I agree (and perhaps I shouldn’t have so glibly classified LP as an example of extreme tribalness on the left – there’s significantly more diversity embraced there than at rightie strongholds like Blair and Bolt).

I’ve just scanned the whole of the discussion thread on the Muehlenberg post at OLO and I must say I strongly agree with Kim. It rapidly descended into extreme toxicity after about the first 1/3 of it, almost entirely due to extreme, abusive and stereotyping comments from fundies. It’s entirely understandable that people like Storer and ringil reacted as they did.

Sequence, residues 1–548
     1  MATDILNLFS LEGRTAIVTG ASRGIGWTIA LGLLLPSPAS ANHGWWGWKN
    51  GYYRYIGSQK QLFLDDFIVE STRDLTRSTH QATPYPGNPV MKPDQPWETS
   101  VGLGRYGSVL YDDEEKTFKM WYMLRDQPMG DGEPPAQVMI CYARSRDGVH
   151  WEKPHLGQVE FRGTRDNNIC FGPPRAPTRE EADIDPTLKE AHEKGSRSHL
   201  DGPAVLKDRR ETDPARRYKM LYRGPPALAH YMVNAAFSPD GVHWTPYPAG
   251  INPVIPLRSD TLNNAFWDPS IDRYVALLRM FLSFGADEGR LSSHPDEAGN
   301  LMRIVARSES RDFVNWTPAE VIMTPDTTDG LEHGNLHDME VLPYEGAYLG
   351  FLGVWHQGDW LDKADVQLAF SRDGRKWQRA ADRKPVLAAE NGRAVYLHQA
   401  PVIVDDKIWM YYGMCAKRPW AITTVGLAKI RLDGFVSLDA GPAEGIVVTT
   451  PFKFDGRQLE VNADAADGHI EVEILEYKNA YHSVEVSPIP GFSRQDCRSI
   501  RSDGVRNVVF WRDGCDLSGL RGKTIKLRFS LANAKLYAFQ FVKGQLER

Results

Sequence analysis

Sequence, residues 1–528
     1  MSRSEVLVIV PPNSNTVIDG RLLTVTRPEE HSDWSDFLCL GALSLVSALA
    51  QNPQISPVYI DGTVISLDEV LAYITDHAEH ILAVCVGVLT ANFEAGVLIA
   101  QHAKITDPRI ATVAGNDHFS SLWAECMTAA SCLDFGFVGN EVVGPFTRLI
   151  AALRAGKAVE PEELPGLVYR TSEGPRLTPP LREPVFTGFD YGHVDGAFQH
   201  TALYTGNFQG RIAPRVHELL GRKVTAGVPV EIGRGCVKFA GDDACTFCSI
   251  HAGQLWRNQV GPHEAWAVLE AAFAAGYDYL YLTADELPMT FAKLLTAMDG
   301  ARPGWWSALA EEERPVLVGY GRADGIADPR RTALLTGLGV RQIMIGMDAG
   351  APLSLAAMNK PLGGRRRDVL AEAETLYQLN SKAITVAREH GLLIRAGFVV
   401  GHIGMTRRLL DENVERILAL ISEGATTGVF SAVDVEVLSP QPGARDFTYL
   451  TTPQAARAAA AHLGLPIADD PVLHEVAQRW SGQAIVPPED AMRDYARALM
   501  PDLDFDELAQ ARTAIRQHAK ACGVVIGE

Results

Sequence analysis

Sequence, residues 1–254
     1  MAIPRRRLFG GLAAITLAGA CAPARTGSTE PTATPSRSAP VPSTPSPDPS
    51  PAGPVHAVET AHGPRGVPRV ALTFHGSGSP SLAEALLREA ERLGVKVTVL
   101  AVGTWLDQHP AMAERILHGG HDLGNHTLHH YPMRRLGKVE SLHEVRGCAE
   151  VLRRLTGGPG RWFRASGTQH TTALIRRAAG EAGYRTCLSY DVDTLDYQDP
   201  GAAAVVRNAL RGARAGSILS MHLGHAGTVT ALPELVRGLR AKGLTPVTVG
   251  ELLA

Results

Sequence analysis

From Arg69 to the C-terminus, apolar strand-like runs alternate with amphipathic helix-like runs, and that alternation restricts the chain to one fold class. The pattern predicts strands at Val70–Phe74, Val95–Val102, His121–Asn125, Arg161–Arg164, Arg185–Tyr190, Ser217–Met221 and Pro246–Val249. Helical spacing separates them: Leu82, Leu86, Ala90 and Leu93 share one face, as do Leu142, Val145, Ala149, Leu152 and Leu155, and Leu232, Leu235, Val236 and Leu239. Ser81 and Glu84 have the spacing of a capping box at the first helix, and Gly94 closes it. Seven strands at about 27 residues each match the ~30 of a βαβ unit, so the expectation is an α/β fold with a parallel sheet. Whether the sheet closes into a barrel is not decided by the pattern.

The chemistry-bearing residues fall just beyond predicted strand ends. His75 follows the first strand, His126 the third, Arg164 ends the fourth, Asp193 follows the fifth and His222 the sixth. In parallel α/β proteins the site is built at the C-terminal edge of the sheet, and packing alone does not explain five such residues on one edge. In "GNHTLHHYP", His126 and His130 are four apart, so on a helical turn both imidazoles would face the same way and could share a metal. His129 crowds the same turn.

I note that Graham Young has argued that ANZ and IBM were apparently objecting to the primary article rather than the discussion threads (they are in separate pages/areas and they demanded to have their ads removed from the former not the latter) whereas Storer etc said it was the comment threads to which they objected and that they accepted that Muehlenberg’s article itself was legitimately publishable. These two perspectives are not irreconcilable. It’s qute likely that Storer complained about the comment threads but that the people at the ad agency and/or those at ANZ/IBM didn’t really understand the nature of new media and didn’t know the difference between primary post and comment thread and therefore focused on the article itself. Having had their attention drawn to it, they may well have decided that a publication that would host an article like Muehlenberg’s was too close to the edge for their corporate interests.